Dreamstress, may be you can answer me this. One gown I saw was almost shreaded at one shoulder. It looked like a tiger had swiped its claws down the front bodice piece from the shoulder. What would have caused that? My thinking is the dress was worn often but was brutally tight and the fibers gave way. The other theory was that, years later, it was found in an attic and it was forced onto a mannequin/or person that was to large and the fibers gave way. What do you think? It was made of silk by the way.

    • Elise says

      The Canadian Costume Museum? Do you do anything with the costumes from the Stratford Festival? Back when I used to live near there, they let all school groups rent costumes for 90% off! That meant that all school productions had the most fabulous costumes!

      But the cool thing about it (and why I wanted to post here), is that you weren’t allowed to wear deodorant or perfume in order to keep the integrity of the cloth. I really felt like you got an inside-peek at the actor’s process: the bright lights, the high emotions, and how dirt on the bottom could show a sweep of the train, or if a character had to fall to the ground. Way cool.

      • I don’t think so. But, I’m new to it and don’t know all the history of the collection yet. I kind of hoping these dresses weren’t falling to the ground!

        • Elise says

          Well, how should Ophelia react when Hamlet smacks her? How else do you get a reaction to read off of the stage if the character does not fall down?

          But these garments were meant for abuse (although still too beautiful for words), whereas the clothes here were to be worn in less…heightened…circumstances.

          I’d love to hear more about your experiences at the museum–I hope so much that you post your considered comments here! You must have wonderful technical skills! And do let me know if you deal with clothes-only, or stage and ceremonial clothes too!

    • See, I wouldn’t always want to hide the stains or tears – they are part of the gown’s story.

      About the torn bodice, did the tears look like the tears on the sleeve of the 1886 wedding dress? Or more ragged?

      The first is simply a factor of age and stress: the weaker warp or weft threads (depending on how the fabric was woven) give way at stress points over time, and the shoulder is a classic stress point, as it bears the weight of the garment during wear and (far more so) during storage, if the garment is stored on a hanger, or if it lies flat with a crease at the shoulder. The creases weaken and stress the threads.

      To ameliorate this type of stress, museums pad out their hangers to provide the largest area of support in the shoulder, and often sew extra loops of tape into the bodice and skirt waistband, to support the hanging garment at multiple points. When they store a garment lying flat, they pad out the bodice and sleeves, so there are no crease points with the weight of the front garment lying on top of the back of the garment.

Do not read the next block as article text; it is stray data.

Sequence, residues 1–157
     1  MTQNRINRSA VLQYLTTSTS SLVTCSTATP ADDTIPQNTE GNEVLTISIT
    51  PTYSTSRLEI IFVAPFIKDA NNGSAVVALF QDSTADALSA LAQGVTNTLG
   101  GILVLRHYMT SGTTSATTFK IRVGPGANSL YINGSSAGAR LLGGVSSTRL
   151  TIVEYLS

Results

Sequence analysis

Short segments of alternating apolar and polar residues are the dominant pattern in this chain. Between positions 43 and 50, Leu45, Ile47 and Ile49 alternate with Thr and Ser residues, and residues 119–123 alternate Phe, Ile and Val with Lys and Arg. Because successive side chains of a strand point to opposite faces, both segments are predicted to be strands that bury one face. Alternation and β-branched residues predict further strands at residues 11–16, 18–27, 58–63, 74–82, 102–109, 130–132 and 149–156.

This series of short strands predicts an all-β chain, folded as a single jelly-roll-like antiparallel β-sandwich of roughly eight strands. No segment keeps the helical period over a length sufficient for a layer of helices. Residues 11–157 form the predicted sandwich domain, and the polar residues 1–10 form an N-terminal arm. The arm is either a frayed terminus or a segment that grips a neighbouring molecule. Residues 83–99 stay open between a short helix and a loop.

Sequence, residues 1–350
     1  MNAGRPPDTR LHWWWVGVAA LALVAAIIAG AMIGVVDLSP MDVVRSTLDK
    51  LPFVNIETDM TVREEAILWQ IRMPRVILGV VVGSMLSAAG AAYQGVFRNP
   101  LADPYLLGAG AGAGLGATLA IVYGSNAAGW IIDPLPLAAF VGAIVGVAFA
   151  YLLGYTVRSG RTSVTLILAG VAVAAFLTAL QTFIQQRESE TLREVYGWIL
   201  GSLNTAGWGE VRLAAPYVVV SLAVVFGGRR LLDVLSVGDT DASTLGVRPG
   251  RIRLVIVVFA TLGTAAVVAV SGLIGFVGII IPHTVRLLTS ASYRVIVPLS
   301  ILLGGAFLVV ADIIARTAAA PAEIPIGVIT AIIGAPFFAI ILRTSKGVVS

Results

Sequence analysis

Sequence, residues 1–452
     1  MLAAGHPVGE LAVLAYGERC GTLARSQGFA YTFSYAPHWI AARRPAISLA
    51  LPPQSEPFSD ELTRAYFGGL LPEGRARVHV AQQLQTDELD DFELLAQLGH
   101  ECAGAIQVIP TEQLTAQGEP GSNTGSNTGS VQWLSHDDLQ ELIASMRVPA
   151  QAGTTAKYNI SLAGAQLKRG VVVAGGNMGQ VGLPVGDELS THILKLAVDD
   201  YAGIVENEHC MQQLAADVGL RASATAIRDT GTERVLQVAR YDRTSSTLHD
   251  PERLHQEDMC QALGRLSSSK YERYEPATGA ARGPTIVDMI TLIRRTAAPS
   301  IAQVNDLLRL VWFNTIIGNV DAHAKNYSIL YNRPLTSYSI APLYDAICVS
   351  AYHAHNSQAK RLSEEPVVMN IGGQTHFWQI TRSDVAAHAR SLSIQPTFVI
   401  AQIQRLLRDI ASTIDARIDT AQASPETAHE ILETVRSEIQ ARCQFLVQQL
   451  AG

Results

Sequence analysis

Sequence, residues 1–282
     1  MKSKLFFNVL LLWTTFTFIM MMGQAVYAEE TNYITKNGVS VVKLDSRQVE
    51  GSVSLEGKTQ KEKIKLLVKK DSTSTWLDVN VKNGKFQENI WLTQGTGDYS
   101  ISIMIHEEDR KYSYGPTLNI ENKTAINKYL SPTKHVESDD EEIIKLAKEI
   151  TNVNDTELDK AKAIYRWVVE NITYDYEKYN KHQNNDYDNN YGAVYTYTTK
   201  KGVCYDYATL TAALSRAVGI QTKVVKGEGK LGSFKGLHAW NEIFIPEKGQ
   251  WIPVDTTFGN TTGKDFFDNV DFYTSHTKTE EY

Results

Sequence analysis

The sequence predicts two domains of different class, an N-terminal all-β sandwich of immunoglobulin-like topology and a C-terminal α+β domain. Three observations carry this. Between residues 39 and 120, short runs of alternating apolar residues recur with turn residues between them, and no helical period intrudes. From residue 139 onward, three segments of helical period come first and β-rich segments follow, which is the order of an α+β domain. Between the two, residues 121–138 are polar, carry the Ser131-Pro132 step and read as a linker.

If the tears were more ragged, it indicates that the garment was made out of weighted silk – silk that had been treated with a metal (usually iron) to make it weigh more, as silk was sold by weight. The iron eats away at the silk over time, making it very brittle and friable (light has the same effect), so that it can rip in shreds at the slightest touch.

      While the rips can happen in response to one incident or strong wear (the two options you have posited), in my experience, and despite their dramatic appearance, they actually develop slowly over time.

      • They do look like the tears in the above dress only running top to bottom not side to side. Side to side tears make sense to me if the weight of the gown hanging is the issue. The the vertical rips not as much. It is good to know it was a factor of time and not necessarily rough treatment on someones part.

  5. I personally have a love affair with the tattered and torn, those with mends and tears, they tell me more, they are real to me – far more than the pristine, lovely and breathtaking as they are. Wish I was there!

  6. The Mad Purple Chicken says

    What a wonderful idea for an exhibition. I prefer looking at museum garments that are at least a little worn, it makes it easier to believe that they really are that old. Besides, when they have holes and are coming apart, you can see how they are put together.

    I don’t like the Idea of deaccession just because the garment is in bad condition, if it’s over a hundred years old what do they expect? There isn’t a never ending supply of antique clothing available. If I had a museum I would keep everything until it disintegrated.